- Due to gender discrimination, women are generally denied education and the necessary skills to become worthy contributors to the national income.
- As a result, a majority of women have meagre education and low skill formation. This is one of the reasons why they get paid less than men.
- Also, the perpetuation of gender prejudices such as “a woman cannot do as much physical work as a man” put women at a disadvantage.
Q9. How will you explain the term unemployment?
- Unemployment is a situation in which people who are able and willing to work at the going wages cannot find jobs.
- An individual is termed as unemployed if he or she is part of the workforce of a country, and is capable and willing to work for payment, but is unable to do so.
Q10. What is the difference between disguised unemployment and seasonal unemployment?
Q11. Why are educated unemployed a peculiar problem of India?
- If disguised unemployment characterises rural India, educated unemployment is a peculiar problem of urban India.
- This is the situation wherein a few youths with matriculation, graduation and post-graduation degrees are not able to find suitable jobs.
- The education system is such that even after about 18 years of education, a person can be termed unskilled.
- What this does is that a large number of unskilled educated youth get churned out of educational institutions year after year, but only a fraction of them are able to find suitable jobs.
- Among the remaining, some remain unemployed while others get employed in activities that seem inadequate as per their potential. This, in turn leads to the wastage of the huge amounts of resources that had been spent on educating them.
Q12. In which field do you think India can build the maximum employment opportunity?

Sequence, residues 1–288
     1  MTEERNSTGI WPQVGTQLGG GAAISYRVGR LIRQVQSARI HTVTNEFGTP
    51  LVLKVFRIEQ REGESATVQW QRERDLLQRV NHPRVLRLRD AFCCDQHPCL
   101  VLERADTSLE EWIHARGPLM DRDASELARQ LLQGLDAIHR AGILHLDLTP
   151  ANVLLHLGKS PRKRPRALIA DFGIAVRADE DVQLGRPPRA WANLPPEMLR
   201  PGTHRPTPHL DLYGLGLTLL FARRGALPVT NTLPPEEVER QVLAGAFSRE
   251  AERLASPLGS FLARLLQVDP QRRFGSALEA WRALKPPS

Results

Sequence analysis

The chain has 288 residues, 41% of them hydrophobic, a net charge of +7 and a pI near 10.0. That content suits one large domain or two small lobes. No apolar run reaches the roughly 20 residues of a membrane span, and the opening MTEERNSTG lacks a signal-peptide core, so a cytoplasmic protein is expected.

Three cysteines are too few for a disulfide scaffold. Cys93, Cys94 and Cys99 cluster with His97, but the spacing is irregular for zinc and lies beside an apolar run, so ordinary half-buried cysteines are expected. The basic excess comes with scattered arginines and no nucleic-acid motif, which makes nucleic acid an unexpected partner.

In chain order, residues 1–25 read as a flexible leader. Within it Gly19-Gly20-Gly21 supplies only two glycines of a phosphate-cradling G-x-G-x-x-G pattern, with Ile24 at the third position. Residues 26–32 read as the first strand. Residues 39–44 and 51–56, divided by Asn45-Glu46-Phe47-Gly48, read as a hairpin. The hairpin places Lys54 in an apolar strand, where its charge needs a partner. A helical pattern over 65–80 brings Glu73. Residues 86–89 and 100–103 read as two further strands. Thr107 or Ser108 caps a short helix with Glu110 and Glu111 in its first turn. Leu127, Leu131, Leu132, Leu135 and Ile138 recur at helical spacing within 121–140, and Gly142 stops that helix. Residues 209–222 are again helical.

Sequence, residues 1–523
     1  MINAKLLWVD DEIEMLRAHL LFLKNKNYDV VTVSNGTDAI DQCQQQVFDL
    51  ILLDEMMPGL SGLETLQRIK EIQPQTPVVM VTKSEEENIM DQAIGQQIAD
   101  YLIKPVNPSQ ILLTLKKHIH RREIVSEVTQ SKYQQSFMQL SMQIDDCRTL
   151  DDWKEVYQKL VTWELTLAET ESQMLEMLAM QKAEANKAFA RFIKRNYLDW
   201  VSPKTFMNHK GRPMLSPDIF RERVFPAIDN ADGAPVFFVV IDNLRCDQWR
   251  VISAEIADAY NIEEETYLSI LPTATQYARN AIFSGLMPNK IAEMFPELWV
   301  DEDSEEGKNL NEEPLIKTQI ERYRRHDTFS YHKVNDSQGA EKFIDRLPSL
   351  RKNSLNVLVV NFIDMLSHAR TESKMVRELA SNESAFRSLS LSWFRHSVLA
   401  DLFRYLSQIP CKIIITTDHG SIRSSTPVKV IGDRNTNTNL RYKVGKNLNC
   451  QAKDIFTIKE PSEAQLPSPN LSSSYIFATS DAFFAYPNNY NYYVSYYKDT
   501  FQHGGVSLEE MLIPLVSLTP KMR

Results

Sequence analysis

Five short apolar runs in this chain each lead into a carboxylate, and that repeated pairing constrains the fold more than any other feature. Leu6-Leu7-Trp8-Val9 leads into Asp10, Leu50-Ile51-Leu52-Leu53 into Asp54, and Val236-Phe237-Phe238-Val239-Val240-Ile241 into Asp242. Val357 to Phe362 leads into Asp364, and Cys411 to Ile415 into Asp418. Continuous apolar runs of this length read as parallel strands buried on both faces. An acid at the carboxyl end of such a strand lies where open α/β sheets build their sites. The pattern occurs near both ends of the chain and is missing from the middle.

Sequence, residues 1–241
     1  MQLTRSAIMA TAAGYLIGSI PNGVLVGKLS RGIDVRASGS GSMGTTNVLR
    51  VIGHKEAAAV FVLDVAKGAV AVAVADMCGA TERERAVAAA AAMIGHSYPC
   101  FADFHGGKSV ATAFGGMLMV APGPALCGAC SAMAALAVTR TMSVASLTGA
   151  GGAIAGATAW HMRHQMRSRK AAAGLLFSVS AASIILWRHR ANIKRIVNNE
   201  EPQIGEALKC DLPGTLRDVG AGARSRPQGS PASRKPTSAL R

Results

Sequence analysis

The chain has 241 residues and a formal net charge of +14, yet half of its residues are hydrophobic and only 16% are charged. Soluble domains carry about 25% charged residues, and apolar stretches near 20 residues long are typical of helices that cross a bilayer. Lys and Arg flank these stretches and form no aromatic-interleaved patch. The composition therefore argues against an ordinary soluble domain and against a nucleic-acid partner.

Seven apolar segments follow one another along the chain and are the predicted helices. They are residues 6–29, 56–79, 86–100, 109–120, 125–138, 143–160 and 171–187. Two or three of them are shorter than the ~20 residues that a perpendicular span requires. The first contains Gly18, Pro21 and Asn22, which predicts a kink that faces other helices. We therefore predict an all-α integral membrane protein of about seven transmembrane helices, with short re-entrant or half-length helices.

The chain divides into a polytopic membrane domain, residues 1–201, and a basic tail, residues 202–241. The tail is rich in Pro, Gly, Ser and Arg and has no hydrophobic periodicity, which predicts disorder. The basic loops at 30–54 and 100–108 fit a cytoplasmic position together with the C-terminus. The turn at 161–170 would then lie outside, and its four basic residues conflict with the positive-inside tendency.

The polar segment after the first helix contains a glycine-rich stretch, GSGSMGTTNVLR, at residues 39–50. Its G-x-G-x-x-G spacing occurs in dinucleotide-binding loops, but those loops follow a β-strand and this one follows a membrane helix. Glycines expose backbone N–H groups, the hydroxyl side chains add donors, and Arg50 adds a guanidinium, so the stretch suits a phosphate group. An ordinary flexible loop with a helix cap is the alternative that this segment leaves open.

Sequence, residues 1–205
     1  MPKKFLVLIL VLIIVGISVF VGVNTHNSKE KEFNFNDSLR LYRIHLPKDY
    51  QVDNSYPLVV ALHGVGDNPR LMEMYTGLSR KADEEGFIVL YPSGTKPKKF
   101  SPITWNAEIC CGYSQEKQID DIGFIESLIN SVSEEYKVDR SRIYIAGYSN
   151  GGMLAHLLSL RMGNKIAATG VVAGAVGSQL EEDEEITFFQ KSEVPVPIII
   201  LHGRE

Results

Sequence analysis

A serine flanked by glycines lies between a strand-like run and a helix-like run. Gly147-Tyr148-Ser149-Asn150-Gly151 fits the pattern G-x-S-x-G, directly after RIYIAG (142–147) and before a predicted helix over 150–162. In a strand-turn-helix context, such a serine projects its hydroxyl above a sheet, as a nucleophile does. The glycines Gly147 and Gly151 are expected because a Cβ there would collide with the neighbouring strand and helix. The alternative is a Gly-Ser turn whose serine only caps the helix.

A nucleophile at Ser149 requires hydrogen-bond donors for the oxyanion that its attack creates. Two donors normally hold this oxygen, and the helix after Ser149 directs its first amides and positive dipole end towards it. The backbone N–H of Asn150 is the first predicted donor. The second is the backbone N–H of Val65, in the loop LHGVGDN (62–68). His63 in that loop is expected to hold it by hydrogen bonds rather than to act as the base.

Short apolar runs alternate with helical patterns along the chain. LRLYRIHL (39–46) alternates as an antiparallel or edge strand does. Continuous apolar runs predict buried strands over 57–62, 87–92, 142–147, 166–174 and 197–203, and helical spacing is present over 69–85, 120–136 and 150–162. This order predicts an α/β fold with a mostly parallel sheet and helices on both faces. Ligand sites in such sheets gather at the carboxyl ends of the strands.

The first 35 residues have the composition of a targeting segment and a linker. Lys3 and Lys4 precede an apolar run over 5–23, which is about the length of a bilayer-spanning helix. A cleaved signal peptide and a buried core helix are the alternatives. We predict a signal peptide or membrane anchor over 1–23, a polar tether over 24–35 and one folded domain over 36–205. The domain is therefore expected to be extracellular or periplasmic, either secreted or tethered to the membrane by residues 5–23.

- Among the three sectors, India should look to build maximum employment opportunities in the manufacturing and services sectors.
- The agricultural sector is already over-burdened by manpower that is disguised as unemployed.
- So, the small scale manufacturing units and the service industry (like travel and tourism, health, education, communication, etc.) need to be encouraged and facilitated to generate employment.
Q13. Can you suggest some measures in the education system to mitigate the problem of educated unemployed?
Ans: Measures in the education system to mitigate the problem of the educated unemployed:
- Make education at the secondary level more career-oriented, which would endow individuals with not only education but also the requisite skills for gaining successful employment.
- Create a sort of screening process whereby each individual chooses subjects that suit his or her abilities.
- The introduction of newer subjects and fields of study at the school level should be accompanied by a growth of job opportunities in the sectors that would employ the students electing to study such subjects.
Q14. Can you imagine some village which initially had no job opportunities but later came up with many?
- Rampur was a small village which initially depended on agriculture which was also dependent on rainfall.
- Then electricity reached the village and people could irrigate their fields and could grow 2 to 3 crops in a year and get work.
- Some people set up small scale industries which could be run by electricity and provided employment to people.
- A school was established and now the population started to become educated and as a result, they could seek employment in and outside the village.
- The village became prosperous and soon had better health, education, transport and job facilities.
Q15. Which capital would you consider the best - land, labour, physical capital and human capital? Why?
- Human capital is the best capital because it can make use of the land, labour and physical capital.
- The other factors cannot become useful on their own.
- The knowledge expertise in a human enables him to develop land, labour and physical capital to produce an output for his own use or to sell in the market.